I've bitten on another Chuck Wendig Flash Fiction challenge. Playing on the "write what you know" meme, he asked us to take an incident from life and turn it into a bit of fiction, preferably genre fiction. I'm going to take a pan that once went missing right in my house, and put it with a ghost on a space ship. It's 1000 words max, but I came in well below.
Arthur had waited a long time for the chance to steal something. He didn't even know why he had to, but ever since he’d died he’d felt like he couldn’t move on until he stole something from the living. And there is so little on a space ship that isn't fastened down. He couldn't believe his luck when he saw the frying pan, just lying on the counter like an abandoned sock. As soon as he wrapped his ghostly hand around the panhandle, the whole thing vanished into the seventh dimension, where neither ghost nor living human could enjoy it. What was the point?
* * *
Sarah was unpacking the shuttle. They'd had a good holiday Down Below, but it felt good to be home again. She and Gil had lived aboard the Lady Luck since they were married four years ago, and this had been their first real trip dirtside. Haven was a fully Earth-like planet, and very little developed, so they'd been able to land the shuttle where they wanted and had enjoyed a grand week of fishing--you could even eat the local fish--and a lot of lying in the sun.
She pulled the kitchen supply bin out of the shuttle, and the frying pan that had cooked so much tasty fish tottered on the top. She didn't want it to fall, so she set it aside on the mechanic's bench and carried the box into the dining bay. Some spacers let the machines do all the cooking, but Sarah liked to cook. She'd grown up dirtside on Golden, and always stocked up on what she called real food. Gil laughed at her, and sometimes grumbled about the extra space her kitchen supplies took up, but he liked her cooking and humored her. Still, he let her haul all the kitchen stuff off and put it away.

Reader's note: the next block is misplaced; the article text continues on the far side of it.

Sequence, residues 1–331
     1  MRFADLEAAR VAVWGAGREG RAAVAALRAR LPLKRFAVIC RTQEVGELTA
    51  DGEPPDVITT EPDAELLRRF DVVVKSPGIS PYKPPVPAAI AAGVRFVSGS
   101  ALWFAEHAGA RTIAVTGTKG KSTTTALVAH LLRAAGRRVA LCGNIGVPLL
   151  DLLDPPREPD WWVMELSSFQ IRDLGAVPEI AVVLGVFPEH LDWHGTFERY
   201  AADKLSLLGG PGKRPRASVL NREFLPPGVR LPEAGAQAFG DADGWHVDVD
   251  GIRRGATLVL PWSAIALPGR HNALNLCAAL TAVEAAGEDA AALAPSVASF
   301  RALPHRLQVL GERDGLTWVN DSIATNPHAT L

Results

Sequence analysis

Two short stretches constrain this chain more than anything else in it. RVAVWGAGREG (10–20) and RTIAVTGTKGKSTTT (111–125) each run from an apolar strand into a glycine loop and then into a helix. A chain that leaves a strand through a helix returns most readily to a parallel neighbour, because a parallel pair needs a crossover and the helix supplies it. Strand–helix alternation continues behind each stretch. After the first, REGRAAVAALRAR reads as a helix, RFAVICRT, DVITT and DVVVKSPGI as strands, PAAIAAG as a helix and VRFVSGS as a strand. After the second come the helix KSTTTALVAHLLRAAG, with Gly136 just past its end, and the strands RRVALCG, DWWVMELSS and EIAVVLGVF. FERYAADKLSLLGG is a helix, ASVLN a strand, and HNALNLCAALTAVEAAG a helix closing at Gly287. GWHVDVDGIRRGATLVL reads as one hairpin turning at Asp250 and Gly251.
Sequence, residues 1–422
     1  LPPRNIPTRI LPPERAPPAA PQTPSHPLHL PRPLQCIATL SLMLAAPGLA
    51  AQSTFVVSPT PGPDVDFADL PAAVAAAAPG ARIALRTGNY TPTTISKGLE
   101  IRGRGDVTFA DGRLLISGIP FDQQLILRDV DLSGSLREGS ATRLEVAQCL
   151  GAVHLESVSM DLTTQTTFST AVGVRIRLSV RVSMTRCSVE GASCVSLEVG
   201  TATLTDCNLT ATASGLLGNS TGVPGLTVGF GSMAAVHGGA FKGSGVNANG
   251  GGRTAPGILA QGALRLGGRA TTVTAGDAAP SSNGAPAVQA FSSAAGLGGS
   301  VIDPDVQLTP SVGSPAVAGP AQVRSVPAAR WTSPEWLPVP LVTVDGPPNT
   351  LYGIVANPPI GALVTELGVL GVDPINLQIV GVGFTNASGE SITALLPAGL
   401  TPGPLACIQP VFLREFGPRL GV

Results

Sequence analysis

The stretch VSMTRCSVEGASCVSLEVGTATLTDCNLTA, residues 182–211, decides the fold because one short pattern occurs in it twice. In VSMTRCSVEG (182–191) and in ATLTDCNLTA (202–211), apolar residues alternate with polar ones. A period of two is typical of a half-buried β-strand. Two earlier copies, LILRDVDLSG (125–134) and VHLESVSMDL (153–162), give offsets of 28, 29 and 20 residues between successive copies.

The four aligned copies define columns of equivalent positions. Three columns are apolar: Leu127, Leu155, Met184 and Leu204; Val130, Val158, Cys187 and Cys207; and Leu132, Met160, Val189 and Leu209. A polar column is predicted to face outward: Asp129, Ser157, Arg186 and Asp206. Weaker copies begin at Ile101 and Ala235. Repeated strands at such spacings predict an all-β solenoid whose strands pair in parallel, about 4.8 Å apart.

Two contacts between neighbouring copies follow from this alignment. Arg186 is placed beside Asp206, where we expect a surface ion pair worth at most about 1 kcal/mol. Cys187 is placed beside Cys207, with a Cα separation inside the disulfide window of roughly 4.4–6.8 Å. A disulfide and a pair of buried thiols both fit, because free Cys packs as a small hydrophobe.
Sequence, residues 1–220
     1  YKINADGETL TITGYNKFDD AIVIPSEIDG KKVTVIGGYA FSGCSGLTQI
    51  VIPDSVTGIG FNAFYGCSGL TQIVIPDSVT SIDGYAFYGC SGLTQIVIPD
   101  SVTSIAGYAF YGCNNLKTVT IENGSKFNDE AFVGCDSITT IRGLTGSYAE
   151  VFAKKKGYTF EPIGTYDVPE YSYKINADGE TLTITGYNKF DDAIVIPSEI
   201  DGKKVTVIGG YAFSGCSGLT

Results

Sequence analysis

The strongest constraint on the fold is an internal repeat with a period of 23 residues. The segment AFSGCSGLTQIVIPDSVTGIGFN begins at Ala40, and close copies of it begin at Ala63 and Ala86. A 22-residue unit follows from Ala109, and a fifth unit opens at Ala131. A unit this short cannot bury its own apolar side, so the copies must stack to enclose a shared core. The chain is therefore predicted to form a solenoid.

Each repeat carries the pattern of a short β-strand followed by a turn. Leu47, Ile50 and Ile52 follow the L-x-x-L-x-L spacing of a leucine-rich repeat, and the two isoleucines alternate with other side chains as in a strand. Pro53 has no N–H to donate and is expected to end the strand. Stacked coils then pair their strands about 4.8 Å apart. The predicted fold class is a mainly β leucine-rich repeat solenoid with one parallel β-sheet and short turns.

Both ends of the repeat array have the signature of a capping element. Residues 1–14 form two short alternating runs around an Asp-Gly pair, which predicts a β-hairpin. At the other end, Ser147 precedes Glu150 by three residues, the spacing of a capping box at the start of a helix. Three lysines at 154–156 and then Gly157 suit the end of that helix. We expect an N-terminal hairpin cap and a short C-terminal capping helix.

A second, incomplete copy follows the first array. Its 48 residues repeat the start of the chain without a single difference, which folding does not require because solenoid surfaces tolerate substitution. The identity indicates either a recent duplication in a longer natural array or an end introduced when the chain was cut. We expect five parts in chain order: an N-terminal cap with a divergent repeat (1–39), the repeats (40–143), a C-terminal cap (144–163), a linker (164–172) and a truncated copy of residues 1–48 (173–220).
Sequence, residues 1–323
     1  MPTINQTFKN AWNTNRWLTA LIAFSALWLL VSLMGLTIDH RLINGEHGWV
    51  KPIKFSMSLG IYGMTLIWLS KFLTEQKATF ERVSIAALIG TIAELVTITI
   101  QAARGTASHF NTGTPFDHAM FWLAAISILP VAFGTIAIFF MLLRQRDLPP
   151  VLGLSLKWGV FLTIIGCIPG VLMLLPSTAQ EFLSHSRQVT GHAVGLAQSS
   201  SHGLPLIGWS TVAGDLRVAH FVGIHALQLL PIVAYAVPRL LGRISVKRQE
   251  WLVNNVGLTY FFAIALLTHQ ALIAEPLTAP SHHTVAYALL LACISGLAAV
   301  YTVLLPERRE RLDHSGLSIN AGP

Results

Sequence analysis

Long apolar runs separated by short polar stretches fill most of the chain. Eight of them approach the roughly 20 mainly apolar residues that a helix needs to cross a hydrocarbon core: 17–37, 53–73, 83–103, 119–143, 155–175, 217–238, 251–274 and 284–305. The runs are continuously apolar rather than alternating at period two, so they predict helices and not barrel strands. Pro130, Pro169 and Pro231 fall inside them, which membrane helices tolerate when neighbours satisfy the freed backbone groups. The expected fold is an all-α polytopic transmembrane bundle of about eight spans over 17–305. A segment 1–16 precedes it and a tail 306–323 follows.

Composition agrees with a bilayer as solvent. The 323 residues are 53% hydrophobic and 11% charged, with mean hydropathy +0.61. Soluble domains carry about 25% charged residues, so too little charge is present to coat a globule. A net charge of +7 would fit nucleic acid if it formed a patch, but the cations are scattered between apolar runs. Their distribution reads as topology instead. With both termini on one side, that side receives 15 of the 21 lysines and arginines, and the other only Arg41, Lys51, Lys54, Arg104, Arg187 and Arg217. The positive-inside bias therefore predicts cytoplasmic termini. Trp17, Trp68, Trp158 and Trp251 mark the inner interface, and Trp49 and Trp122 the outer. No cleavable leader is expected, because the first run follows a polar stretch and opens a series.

Sarah puttered around the dining bay happily stowing her gear, then a glance at the chronograph told her it was time to fix some dinner, so she got on with it. Just a simple dish, the last of the campfire bread she'd baked that morning, and a bit of the local cheese.
It wasn't until the next morning that either she or Gil remembered the frying pan, when she wanted it to cook up some bacon she’d picked up in port. She sent him to fetch it. Gil came back in a minute.
"It's not there. Are you sure you didn't bring it up here?"
Sarah sighed. Typical male. Couldn’t find his head if it wasn’t attached. "I'll go. I know just where I put it." She did, too. The trouble was, it wasn't there. The bench was cleared and secured for zero-G, though they were still running the gravitation motor. There was no frying pan on it. She searched the cargo bay, then each part of the ship, even the ones they hadn’t entered since returning.
There was no frying pan anywhere.
"Gil, it isn't there. And I KNOW I left it right on the counter. Could the cleaning ’bot have picked it up?"
"I didn’t run it last night, since we’d just got back. Anyway, it’s programmed to avoid the mechanic’s bench. We’re the only people on this vessel, and we didn’t either of us touch it.”
Sarah looked at him suspiciously. ‘Are you sure. . . I know you think my cooking gear is an extravagance.”
“Swear by all that’s sacred. Anyway, I would never get rid of that pan when you had bacon to fry!”
“I suppose not. It’s gone, but no one and nothing could have picked it up."
"Only a ghost," he said, and they laughed.
* * *
Down in the cargo bay, Arthur’s last thought as he slipped into the eighth dimension was that, at last, he knew why he had to steal. He’d never see that pan again—but it had freed him at last of the blasted ship.